Number seven, strong-willed kids require a special set of tools. And I learned this very early into my second daughter's life. When I realized that what I was doing with my first daughter where everything was pretty calm, cool collected,ncupcakes and rainbows and I thought I knew everything about everything. Because all you have to do is act and ask nicely or offer her a hug and she calms down. None of that worked with my second daughter. And often the things that you figure out what For one sibling, not only don't work for the other, but they could make it worse, they could anger or exacerbate the things that they're experiencing. Because they're looking at it from a totally different lens. They're wired completely differently. They see the world from a different place. They're communicating something entirely different with their behavior. So traditional advice, like planned, ignoring, timeouts, explaining with logic and reasoning, using threats and bribes, star charts, any of that stuff. For most strong-willed Kids, it does not work, it does not change their mind. And even worse, it could create a lot of dysfunction, and disconnection in the dynamic in your relationships and cause a lot of stress, meltdowns, being late, feeling crazy, headaches, hangovers from big emotions, all the drama, they require a different approach. And that was, you know, the birthplace of of my whole company. Six years ago, probably, you know, it started four years ago. But just realizing that most families, if you have two or three kids have at least one kiddo that's the exception to the rule. And they're the ones that I specialize in. Because most generic parenting advice just doesn't cut it, you need something more. And that just knowing that can be revolutionary, because you no longer go from being confused, trying to crack a code or, you know, unlock a lock that has no legend or, you know, whatever analogy, but like, Whatever, whatever works for you, you're no longer stuck, you're no longer on your own to figure this out. And as a parent of a strong willed child, likely most of my clients that I've talked to, if they go to other professionals, like psychologists, and child therapists and doing PCIT, and other things like that, you will be diagnosed, quote, unquote, diagnosed with a hard child. And again, that leaves you feeling very confused, defeated, and borderline helpless and hopeless, because nobody benefits from that type of understanding when it's just chalking it up to being difficult. No, we can figure this out, there are solutions, it does get better when you understand what you're working with. And there's just a lot of professionals that don't specialize in this. So of course, they're not going to have that language or those tools for you. But as a parent of a strong willed child, you deserve support, because you are working very hard. My clients don't come to me for lack of effort. They come because they've tried every thing. And it's not working. So realizing strong-willed Kids require a special set of tools. And when you have those tools they are game changers, is incredibly powerful. Life changing, I would say. So the I learned that very early on with my second daughter, but I didn't even have the language for it for still a couple more years until I really, you know, got certified in Positive Discipline and just did a whole lot more digging. And I don't want you to have to do all that digging. Let me help you out, girl. So that's lesson number seven. That was a big one for me.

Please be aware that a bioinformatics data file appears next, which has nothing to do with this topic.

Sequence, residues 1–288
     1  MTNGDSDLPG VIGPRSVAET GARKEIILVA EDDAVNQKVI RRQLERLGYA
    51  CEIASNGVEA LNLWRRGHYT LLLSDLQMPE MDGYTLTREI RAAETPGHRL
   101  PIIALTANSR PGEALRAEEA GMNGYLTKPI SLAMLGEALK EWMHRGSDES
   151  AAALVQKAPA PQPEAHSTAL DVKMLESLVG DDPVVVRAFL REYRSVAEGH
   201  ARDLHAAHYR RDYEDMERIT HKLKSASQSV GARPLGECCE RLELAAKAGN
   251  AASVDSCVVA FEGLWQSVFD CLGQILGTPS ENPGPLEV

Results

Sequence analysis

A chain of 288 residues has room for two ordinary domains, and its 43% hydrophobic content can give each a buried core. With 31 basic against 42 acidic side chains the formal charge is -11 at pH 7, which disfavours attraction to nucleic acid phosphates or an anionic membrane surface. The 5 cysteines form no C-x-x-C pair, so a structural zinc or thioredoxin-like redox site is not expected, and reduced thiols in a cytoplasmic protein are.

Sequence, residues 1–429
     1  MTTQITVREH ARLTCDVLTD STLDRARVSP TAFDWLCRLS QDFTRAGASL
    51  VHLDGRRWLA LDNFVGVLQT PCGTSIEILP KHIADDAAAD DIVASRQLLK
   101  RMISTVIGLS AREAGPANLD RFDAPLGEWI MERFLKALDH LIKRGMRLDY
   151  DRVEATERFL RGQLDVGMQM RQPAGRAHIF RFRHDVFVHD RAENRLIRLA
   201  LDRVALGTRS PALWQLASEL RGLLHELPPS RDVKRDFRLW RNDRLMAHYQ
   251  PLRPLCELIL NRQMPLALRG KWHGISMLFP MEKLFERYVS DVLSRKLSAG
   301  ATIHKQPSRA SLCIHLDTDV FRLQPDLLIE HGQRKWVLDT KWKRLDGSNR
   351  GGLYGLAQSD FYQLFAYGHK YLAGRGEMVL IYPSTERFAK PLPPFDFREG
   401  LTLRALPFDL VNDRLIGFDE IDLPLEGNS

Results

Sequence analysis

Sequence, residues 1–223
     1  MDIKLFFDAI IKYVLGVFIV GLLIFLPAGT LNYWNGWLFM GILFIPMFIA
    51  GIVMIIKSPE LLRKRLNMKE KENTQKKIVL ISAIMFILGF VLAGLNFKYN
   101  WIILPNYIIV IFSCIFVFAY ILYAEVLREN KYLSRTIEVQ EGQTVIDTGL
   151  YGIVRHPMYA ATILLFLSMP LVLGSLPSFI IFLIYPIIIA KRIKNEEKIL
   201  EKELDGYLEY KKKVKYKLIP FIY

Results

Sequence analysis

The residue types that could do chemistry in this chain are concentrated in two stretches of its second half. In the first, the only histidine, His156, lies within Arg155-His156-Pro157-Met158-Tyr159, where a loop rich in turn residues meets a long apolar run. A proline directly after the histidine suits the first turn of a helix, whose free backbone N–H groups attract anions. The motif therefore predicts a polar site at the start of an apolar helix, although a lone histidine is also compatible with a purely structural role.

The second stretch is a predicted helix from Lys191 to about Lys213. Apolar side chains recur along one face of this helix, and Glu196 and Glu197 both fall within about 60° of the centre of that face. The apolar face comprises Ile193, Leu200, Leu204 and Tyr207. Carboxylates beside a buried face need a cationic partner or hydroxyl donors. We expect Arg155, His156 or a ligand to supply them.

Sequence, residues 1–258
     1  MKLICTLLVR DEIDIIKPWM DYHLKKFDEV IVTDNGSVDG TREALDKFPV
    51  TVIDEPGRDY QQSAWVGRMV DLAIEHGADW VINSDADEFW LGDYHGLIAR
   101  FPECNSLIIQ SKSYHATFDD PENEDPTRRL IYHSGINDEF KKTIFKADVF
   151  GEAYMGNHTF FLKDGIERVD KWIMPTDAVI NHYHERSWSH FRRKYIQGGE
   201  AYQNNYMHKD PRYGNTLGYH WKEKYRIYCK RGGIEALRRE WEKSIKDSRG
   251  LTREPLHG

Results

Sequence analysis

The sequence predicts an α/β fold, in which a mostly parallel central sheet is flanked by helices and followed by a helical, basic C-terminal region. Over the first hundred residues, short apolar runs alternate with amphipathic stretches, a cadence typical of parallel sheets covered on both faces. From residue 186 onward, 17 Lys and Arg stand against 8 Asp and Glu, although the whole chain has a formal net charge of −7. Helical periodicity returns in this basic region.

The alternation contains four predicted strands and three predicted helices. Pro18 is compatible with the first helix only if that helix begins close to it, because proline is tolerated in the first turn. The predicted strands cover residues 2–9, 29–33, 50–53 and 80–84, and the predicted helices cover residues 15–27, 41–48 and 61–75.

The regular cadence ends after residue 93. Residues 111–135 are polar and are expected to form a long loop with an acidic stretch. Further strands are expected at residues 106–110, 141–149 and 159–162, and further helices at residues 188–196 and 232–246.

Lesson number eight, patience is a skill set AND your well-being and mental health matters. Both of those things are true, both of those things need to co-exist. And what I mean by that is you can learn coping skills and mindset shifts that teach you how to be more resilient, that allow you to create a response instead of a reaction that give you but much better language to communicate your needs and pour water on the fire that's burning in your brain. And your capacity to do that and learn those things is always in limited quantity. If you don't refill it, it's going to run out. There is no getting around that. You can't just be superwoman and despite all odds and extenuating circumstances be the Mary Poppins 24/7. You are limited by your capacity, your well-being, the amount of needs you have met, the sleep that you've gotten the meals that you've eaten, the amount of air you've been able to breathe, all of these things, set the quota for how much you're then able to use the tools you're learning. I had a client returned back from a vacation, and she got back from vacation I think like Wednesday or Thursday, we had our call on Friday, she wasn't working until the following Monday. And that Friday, she came to the call and she said I cannot believe how much a "Zen mama queen" I am right now. Because I have all of the capacity, I have slept well, I've eaten well, I'm not worried about work, I have very little stress, the house is clean, I have time to get everything I need to do done. And I cannot believe how much it's affecting my parenting. I didn't even know that the some of these levels were possible to tap into, because I'm always running on empty. And it's really making me think about how I can set myself up with more in the future. No one should be expected to stay zen through complete chaos as well. So I don't think it's fair or reasonable to expect of yourself to undergo three to five giant outbursts with your child where it gets to a point of no return where you don't know what to do with them where you feel very overwhelmed, and you start to lose your mind yourself. You are not just supposed to deal with that. Nobody should live like that that's miserable for you. And it's miserable for them. Right. So you do have a responsibility to take ownership of your regulation and your composure. Because you can't give your child what you don't have that is a skill set you can work on and learn. And we want to eliminate those outbursts. We want to make things manageable day to day because if we can eliminate some of those factors from completely zapping your capacity, it's a lot easier to be patient, right. So you have that internal work, and those external factors that need addressing, ideally, at the same time, so that you can they continue to benefit each other and build momentum. But most programs, or seasons of life or things that you're diving into resources wise, they're only addressing one. So you're not going to see the outcomes, you're not going to see it make these big strides. Because it's not holistic enough, it's not comprehensive enough to truly be able to make that change happen. You know, like you can go to therapy, and they can help you take deep breaths, but they're still not going to tell you what to do in the moment to get the cooperation. So you're still going to find yourself getting to that place of desperation and helplessness. So you have to have both. And subset of this one is that knowing mom rage is universal. It's universal. I don't think that there's a mom out there that doesn't experience at least one completely crippling overwhelming moment that they absolutely regret and want to take back and feel so guilty for because they lost their ability to stay regulated. As a parent. I had a moment when my first daughter was, I don't even know nine months maybe. And I was at the brink of my sanity because she wouldn't sleep and she wouldn't stop crying. And I remember going to her crib and just kind of like squeezing her body like in a hug but like an aggressive hug. And I could feel myself losing control. I ended up you know, walking away, but I felt so overwhelmed with just shame for getting to that place and realizing, Oh, this is why they make you watch that video about shaking your baby. Because it's it's moments like this right now and feeling like I shouldn't I should never feel this way. I should never have these feelings. No. That is part of it. Not that you you know, say you should feel that way. But you likely May. And knowing that that happens much more commonly than you realize. I would have loved to know that back then. Not that it would have made me feel like oh yep, that's an excuse for my behavior. No, we're responsibility needed, absolutely not, it would have allowed me to talk about that moment, more than 10 years later, right, and be able to work towards solutions and, and get support and meet my own needs. So, I was learning something last week about how it's very common to have anger and anxiety problems as a parent or as a mom. And it's because you care, genuinely like it's, it's like an overly protective mechanism, saying, This is so important to me, I'm gonna double down. And what's more abnormal or concerning, is despondency, of not caring of completely checking out or even worse, believing that your kids would be better off without you. That is more of the exception to the rule where if you feel that way, that is not as common, and is a red flag that you may need more support right now. Again, no shame, because you did not choose these thoughts, and you were not wanting them and welcoming them in. But if they are there, they are there to bring your attention to something that you deserve support with. And when you feel better, you will do better. And your kids deserve that. And you deserve that. So just wanted to throw that clarification in there. Because a mom's mental health is a huge, huge, huge, huge, huge priority, and matters a ton. And I always want to have this podcast supporting you in advocating for and prioritizing your well-being and your mental health and how it affects you as a parent. And I learned one of the newest lessons in this book, it's called How To be Loved by Humble the Poet-highly recommend. I'll put the link in the show notes. But here's the quote, and it blew my mind. It is not selfish, to put yourself first, it's selfish to expect others to put you first. Right? I mean, sit with that for hours days, like I have that shift and understanding. I mean, I wish I had a long time ago. And again, I just feel like it has, every time you find a language that just puts these concepts into more and more tangible pieces it makes it makes sense. And I just love that. And it's been able to give me a lot more freedom to say what I need. And know that it's my responsibility to advocate for myself. Not like it's way worse to not voice those needs, and be resentful when they're not met or expect others to read my mind or really just function at a very low capacity. Because I'm not having that awareness. So much better to be on the on the proactive end of that and not have guilt about it, because the best thing for everyone. So that was a long one. Sorry, that was number eight.